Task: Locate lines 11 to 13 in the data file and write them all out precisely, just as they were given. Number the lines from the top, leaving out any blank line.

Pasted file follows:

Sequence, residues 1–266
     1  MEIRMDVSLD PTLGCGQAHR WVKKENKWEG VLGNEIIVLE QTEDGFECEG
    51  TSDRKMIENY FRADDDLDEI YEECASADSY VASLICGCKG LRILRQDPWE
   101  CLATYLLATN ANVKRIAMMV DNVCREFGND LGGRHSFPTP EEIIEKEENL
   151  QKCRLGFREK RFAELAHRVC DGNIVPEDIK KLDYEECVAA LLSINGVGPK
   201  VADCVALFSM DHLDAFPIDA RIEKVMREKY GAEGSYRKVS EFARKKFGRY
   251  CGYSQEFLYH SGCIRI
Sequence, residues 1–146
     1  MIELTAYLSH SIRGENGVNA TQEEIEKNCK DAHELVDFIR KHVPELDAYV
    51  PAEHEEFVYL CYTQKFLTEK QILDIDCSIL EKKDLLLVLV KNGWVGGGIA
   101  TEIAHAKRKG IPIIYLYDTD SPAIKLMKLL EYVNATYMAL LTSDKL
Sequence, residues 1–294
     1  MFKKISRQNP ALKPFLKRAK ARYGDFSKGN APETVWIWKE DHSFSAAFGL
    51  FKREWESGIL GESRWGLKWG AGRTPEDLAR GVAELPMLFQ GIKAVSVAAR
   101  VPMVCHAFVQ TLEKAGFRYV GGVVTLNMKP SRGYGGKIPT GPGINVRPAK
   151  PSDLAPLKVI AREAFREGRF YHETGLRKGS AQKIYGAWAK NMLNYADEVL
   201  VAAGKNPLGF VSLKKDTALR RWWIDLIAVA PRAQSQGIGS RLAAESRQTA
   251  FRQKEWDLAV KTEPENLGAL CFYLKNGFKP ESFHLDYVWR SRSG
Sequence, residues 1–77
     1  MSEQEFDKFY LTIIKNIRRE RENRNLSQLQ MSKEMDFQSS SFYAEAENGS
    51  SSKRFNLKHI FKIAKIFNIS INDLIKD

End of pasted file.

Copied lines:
   101  TEIAHAKRKG IPIIYLYDTD SPAIKLMKLL EYVNATYMAL LTSDKL
Sequence, residues 1–294
     1  MFKKISRQNP ALKPFLKRAK ARYGDFSKGN APETVWIWKE DHSFSAAFGL